If you happened to be watching games such as Georgia Tech or Georgia or Northwestern this afternoon, you may have noticed several players on each team sporting the initials “APU” on their wristbands.
According to ESPN.com, the letters stand for “All Players United” and is what the National College Players Association hopes to be the the latest very public shot fired against the NCAA and its treatment of football players. The NCPA is an advocacy group pushing for NCAA reforms, which range from minimizing the risk of concussions to compensation for players above what they receive now.
NCPA president Ramogi Huma told the website that the push to get players to show its support via the “APU” scrawled on wristbands began a couple of months ago, and will continue in the future.
“Players will continue to wear the APU throughout the season and spread the word,” Huma said. “They’re taking the reform effort to television, which has never been done. They’ve been using their bodies to make money for the people who run NCAA sports. Now, for the first time, they’re using their bodies to push for basic protections at the very least.”
Former shoe magnate Sonny Vaccaro, a very vocal and long-time critic of the NCAA, lauded the players for taking what he described as a “courageous” step against the NCAA.
“I thought this was a courageous, courageous day today,” Vaccaro told al.com. “It’s beautiful. They went right in front of America and truly believe it. The current football players joining the O’Bannon suit gave strength to this. I think this is only going to grow.
It’ll be interesting to see how much if any traction this movement gains. And what if any steps football programs and/or universities take to keep a lid on future protests.
Back on September 10, it was announced that Jim Harbaugh had dismissed Logan Tuley-Tillman for “conduct unacceptable for a Michigan student-athlete.” Now we know what that unacceptable conduct was. Allegedly.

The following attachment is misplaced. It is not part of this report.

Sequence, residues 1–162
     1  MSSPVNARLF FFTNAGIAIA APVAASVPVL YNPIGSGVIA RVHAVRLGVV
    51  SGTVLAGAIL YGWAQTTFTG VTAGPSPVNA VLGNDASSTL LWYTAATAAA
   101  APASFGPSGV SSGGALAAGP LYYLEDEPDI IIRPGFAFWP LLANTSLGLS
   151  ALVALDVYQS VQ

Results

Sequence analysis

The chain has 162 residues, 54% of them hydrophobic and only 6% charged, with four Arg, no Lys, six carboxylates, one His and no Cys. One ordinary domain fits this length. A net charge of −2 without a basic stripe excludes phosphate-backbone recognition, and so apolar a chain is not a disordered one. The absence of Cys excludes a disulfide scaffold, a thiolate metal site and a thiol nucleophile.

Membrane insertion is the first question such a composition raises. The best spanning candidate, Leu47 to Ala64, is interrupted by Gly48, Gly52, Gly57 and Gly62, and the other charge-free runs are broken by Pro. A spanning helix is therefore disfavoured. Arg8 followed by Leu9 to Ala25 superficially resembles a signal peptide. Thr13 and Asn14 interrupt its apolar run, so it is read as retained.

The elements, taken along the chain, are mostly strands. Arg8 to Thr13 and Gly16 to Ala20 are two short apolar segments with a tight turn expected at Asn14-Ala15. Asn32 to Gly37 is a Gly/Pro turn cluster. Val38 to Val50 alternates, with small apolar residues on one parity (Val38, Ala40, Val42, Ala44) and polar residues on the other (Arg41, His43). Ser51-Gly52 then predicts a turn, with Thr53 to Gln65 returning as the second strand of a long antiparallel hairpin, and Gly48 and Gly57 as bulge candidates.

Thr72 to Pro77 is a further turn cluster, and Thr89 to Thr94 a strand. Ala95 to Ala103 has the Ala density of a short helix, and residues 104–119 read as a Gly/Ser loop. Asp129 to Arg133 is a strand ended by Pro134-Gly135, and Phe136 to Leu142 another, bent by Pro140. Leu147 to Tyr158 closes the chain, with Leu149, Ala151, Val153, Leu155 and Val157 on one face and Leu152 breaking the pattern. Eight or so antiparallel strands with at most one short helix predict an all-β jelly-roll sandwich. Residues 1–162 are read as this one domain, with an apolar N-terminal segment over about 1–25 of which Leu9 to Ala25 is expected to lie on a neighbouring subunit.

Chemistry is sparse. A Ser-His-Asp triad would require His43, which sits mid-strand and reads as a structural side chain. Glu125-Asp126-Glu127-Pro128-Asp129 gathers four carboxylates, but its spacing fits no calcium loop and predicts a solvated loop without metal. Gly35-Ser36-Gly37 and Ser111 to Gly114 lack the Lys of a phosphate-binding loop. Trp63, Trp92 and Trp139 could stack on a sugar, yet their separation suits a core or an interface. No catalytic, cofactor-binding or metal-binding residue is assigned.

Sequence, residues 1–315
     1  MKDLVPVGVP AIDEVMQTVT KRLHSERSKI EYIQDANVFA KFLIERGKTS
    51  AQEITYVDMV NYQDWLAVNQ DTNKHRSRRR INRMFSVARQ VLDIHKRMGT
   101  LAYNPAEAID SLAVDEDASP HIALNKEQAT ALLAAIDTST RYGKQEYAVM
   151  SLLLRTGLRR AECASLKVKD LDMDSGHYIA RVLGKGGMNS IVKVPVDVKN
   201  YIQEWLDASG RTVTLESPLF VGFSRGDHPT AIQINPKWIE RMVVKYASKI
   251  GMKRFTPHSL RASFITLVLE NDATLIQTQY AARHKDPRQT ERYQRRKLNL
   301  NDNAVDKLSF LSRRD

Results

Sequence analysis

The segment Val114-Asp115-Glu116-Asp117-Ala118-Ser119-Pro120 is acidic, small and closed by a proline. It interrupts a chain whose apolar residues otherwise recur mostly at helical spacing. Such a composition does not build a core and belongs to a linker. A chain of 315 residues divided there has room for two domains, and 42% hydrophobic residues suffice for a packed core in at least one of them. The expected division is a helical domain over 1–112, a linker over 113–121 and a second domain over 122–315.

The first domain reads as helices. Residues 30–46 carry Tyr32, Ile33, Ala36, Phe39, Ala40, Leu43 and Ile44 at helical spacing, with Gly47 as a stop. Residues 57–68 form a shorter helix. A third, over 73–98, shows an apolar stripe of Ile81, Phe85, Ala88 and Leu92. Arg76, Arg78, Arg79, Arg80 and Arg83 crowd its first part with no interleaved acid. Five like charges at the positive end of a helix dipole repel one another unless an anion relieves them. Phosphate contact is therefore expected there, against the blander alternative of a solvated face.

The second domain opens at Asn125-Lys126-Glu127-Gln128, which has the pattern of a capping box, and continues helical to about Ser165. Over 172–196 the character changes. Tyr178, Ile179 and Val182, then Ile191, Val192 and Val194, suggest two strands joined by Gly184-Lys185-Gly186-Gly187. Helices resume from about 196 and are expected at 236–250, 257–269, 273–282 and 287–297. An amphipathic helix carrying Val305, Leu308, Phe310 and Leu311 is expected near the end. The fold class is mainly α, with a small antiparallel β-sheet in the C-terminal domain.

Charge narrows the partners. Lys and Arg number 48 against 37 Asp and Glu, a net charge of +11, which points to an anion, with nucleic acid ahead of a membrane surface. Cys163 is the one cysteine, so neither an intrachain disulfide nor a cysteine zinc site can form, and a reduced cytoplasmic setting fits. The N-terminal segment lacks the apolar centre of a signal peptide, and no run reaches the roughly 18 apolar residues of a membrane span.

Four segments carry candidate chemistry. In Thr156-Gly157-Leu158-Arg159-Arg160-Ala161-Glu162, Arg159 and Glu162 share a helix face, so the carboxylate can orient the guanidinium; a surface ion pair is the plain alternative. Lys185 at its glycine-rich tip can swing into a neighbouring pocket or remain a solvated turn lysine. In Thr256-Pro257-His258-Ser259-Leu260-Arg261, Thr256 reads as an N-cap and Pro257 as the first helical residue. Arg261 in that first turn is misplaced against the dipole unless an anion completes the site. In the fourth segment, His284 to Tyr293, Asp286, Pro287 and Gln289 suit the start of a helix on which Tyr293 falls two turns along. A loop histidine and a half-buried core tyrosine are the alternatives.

Wednesday morning, mlive.com is reporting, Tuley-Tillman was charged with three felonies stemming from a Sept. 4 incident in which he’s accused of filming a sex act with a woman without her knowledge. Tuley-Tillman was officially charged with two counts of capturing/distributing an image of an unclothed person and one count of using a computer to commit a crime.
From the report:
Capturing/distributing an image of an unclothed person is punishable by up to two years in prison, a fine of no more than $2,000, or both. Using a computer to commit a crime, in this case, would be punishable by up to 10 years in prison, a fine of no more than $5,000, or both.
The incident occurred in the 300 block of Catherine Street Sept. 4. Tuley-Tillman is accused of filming a portion of a sexual encounter with a woman without her knowledge and then transmitting it to his personal device without her permission, according to Ann Arbor police.
Tuley-Tillman was a four-star member of Brady Hoke‘s second-to-last UM recruiting class, rated as the No. 24 offensive tackle in the country and the No. 7 player at any position in the state of Illinois. He played in one game as a redshirt freshman last season, the season opener against Appalachian State.
This season, he had been listed as the No. 2 left tackle and played in the 2015 opener.
One of the most talented players on the defensive side of the ball not only in the Big 12 but in the country has seen his season come to an abrupt end.
West Virginia head coach Dana Holgorsen announced Tuesday that Karl Joseph will miss the remainder of the 2015 season because of an injury to his right knee. The hard-hitting safety sustained the injury in a non-contact drill during practice Tuesday.
The injury also marks the end of Joseph’s collegiate playing career as he’s off to the NFL next spring.
“I am devastated and heartbroken for Karl,” Holgorsen said in a statement. “He is a young man who has given everything he has to our football program and University over the past four years and who elected to return to WVU for his senior season to earn his degree and to be a part of something special with this team. He exemplifies what it means to be a Mountaineer. Karl is an All-American, a fierce competitor, a leader and I know he will have a full recovery, and I can’t wait to watch him on Sundays next fall.”
Joseph started all 42 games in which he played for the Mountaineers. He was first-team All-Big 12 last season, and his name littered numerous preseason All-American teams this year.
“I want to thank my teammates and my coaches for their outpouring of support,” Joseph said. “This has been difficult for me and my family but I know I will come through this stronger than ever. I will forever be a Mountaineer and will be cheering on our team every step of the way.”